Some utensils, those mostly used for daily rituals, kept inside vaults E and F of Sree Padmanbhaswamy Temple here were documented, as inventorying of the six underground vaults of the centuries-old temple, ordered by the Supreme Court, began on Monday.

The utensils, fewer than 10 of them, were photographed using 3-D cameras, subjected to X-ray fluorescence to find out the material with which they have been made, and given a 10-digit antique identification number. It took at least half an hour to document each article. The process which began shortly after 11 a.m. got over by 3 p.m.

In deference to the customs of the temple, the articles in vaults E and F were taken out by the temple priests, the ‘Nambis,' themselves. These were then placed in a tray and moved around in trolleys to different workstations where the Digital Archiving of Temple Antiques (DATA) were carried out under the supervision of the expert committee appointed by the Supreme Court. The articles were then kept back inside the respective vaults. This work schedule is expected to be repeated on Tuesday and Wednesday.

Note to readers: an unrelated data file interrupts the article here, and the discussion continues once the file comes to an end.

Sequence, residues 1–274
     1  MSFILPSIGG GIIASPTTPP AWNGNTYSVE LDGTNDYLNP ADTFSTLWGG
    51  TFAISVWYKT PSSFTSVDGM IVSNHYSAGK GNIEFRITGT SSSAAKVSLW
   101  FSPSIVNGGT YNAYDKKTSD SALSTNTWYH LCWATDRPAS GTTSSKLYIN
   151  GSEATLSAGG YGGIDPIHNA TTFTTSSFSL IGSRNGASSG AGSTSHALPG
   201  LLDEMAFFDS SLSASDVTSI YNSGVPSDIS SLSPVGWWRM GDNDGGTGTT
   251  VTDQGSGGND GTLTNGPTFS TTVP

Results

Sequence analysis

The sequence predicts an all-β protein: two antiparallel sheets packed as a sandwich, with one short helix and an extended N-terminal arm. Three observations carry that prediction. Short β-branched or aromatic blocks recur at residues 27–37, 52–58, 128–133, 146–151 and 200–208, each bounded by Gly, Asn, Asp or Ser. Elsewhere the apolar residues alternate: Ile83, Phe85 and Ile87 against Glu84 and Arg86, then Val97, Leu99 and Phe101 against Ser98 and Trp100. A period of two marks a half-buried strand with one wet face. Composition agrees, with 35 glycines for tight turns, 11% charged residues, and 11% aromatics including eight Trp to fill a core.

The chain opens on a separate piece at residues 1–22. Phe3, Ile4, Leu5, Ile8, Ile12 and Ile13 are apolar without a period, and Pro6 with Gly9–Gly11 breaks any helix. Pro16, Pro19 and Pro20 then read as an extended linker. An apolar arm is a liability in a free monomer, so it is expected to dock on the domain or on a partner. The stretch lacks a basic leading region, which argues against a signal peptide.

In addition to personnel from Keltron, the DATA implementing agency, domain experts from a panel identified by the committee were present during the documentation process. These experts, specialising in gold ornaments, gems, and coins, would be called in depending on the nature of the article being documented.

Before the commencement of the inventorying, M.V. Nair, who heads the committee, told presspersons that he would write to the court seeking a directive on opening vaults A to D. These vaults are kept under the seal of the Principal Sub-court, Thiruvananthapuram, consequent on its pronouncements in a case filed in 2007.

Each time these vaults are to be opened, mainly in connection with the temple festivals, the temple administration seeks permission from the sub-court. The seal is then removed by advocate commissioners who again re-seal the vaults after the objects taken out are kept back.

Recently, the Supreme Court passed orders preventing the sub-court from making any pronouncements in the case of 2007. The expert committee is now unsure whether it has the authority to break open the seals of these vaults. In fact, Monday's inventorying was to have begun at vault C. The next hearing of the temple case at the Supreme Court is on February 23.

Utensils from two vaults given

10-digit antique

ID number.